Start with Security: Lights, Camera, Action

Share This Page

It’s Red Carpet Season. There isn’t an Academy presenting awards for Two-Minute Videos Most Likely to Help Businesses Start with Security. (The engraving wouldn’t fit on the statuette anyway.)  But if there were, submitted for your consideration are our nominees in ten categories – and the debut of a new production. 

Best short feature.  We’re fans of Start with Security. It explains the basics of building security into the culture of your company.

Outstanding achievement in limited release. The odds-on favorite is Control Access to Data. Most of us can’t just sashay into those swanky Hollywood after parties. Shouldn’t access to the sensitive information in your files and on your networks be just as exclusive?

Best foreign language film.  T#2nKsW$b isn’t a typo in a movie subtitle. Implement Strong Password Policies explains why it’s a better password choice for your employees than qwerty, 123456, or ababab.

Award for archival achievement.  Thanks to advances in film preservation, we’re able to enjoy the classics of the silver screen. Of course, not everything a company creates belongs in the archive. Safely dispose of data you no longer need. But if you have a legitimate business reason to maintain information, watch Store Information Securely for tips.

Outstanding genre production.  Check the movie listings and you’ll see action, sci fi, rom coms, horror, and the occasional art house flick. The industry hedges its bets with market segmentation. The parallel lesson in data security is network segmentation. Even if a data glitch happens, tools like firewalls could help reduce the damage by protecting information on other portions of your network. Segment and Monitor Your Network explains how.

Best acting on location.  Like “Lawrence of Arabia” or “Apocalypse Now,” some of the most memorable performances happened away from studio sound stages. In a similar way, your staff may produce some of their best work while working at home or on the road. Secure Remote Access offers advice on maintaining high security standards when away from the office.

Most promising newcomer.  Once a production has wrapped, it must be difficult to go back to reshoot a scene. Whether you’re starting a new business or designing an innovative product, it’s easier – and more effective – to incorporate security from the get-go rather than to graft it on later. Take two minutes to watch Build Security into Development for suggestions on a successful debut.

Best ensemble cast.  As the saying goes, “There are no small parts, only small actors.” As you put appropriate security practices in place at your business, build them into your contracts with affiliates, too. Monitor Your Service Providers offers advice on ensuring that others with access to your sensitive data meet – and maintain – the standards you establish.

Best sequel.  Some of the year’s best movies have been reboots – fresh ways of reimagining the old favorites. Periodically rethink your security practices, too. Get vendor-recommended patches and updates, follow what experts are saying about looming threats, and pay attention if credible people contact you about potential security problems with your products. Watch Keep Your Security Current for practical help.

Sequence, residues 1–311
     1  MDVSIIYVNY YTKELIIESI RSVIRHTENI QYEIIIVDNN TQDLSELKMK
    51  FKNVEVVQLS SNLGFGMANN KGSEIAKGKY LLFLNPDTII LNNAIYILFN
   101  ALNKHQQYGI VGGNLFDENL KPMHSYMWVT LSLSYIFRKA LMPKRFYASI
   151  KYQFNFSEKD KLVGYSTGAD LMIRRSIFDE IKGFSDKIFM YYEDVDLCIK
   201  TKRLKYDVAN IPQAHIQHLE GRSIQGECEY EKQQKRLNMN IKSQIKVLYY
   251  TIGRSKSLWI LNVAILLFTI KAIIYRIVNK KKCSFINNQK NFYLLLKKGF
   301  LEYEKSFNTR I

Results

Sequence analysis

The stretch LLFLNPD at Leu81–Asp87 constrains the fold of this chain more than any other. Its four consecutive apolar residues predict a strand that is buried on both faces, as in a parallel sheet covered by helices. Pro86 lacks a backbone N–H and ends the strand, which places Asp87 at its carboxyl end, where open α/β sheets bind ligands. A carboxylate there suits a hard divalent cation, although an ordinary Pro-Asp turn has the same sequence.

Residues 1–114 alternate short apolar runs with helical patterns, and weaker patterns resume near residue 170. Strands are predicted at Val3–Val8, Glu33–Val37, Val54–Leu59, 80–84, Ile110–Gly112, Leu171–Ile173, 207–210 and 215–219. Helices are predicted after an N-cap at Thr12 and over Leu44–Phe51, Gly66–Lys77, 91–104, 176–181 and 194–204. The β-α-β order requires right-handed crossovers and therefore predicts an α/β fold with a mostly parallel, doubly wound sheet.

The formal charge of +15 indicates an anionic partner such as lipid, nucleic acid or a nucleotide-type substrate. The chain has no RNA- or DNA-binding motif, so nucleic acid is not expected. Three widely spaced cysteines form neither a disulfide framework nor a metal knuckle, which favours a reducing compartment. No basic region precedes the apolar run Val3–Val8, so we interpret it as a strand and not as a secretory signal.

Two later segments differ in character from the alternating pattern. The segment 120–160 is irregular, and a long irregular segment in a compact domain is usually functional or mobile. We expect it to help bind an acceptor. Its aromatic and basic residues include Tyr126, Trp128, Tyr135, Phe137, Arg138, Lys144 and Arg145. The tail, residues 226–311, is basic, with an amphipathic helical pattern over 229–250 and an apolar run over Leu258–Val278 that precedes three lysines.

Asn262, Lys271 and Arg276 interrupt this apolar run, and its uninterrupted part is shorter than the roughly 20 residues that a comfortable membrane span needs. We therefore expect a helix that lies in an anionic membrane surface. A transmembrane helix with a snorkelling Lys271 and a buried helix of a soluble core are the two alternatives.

Lifetime achievement in multimedia.  Talkies took over almost a century ago, and yet the silent film “The Artist” won awards in 2011. What does that have to do with data security? Hack attacks grab the headlines, but substantial damage can be done the old-fashioned way through a lost laptop, a left-behind flash drive, or a carelessly discarded file, to name just a few. Secure Devices and Paper serves as a reminder that some data thieves are connoisseurs of the classics.

And now for a sneak peek at a just-released blockbuster. Start with Security: Free Resources for Any Business is packed with suggestions about how you can use the FTC’s multichannel Start with Security materials.

Now it’s your turn. How have you built security into your business? Share your favorite tip to help other companies start with security.


Thanks you very much. ...!!!

I would like to republish these videos on my website. What restrictions, if any must I observe? I am not seeking to use these in a profit driven manner.

Hi, ML Hayes. FTC materials -- videos, brochures, etc. -- are all in the public domain, so you're free to include videos on your site. You can link to them or use the SHARE VIDEO or EMBED CODE in the upper right. Here's what we ask of sites that use FTC materials: 1) Please don't suggest or imply that the FTC endorses your site or product; and 2) Please don't use them in a way that might be deceptive to consumers. Other that that, we're happy to see other sites use those videos to spread the word to consumers and businesses.

Add new comment

Comment Policy

Privacy Act Statement

It is your choice whether to submit a comment. If you do, you must create a user name, or we will not post your comment. The Federal Trade Commission Act authorizes this information collection for purposes of managing online comments. Comments and user names are part of the Federal Trade Commission’s (FTC) public records system (PDF), and user names also are part of the FTC’s computer user records system (PDF). We may routinely use these records as described in the FTC’s Privacy Act system notices. For more information on how the FTC handles information that we collect, please read our privacy policy.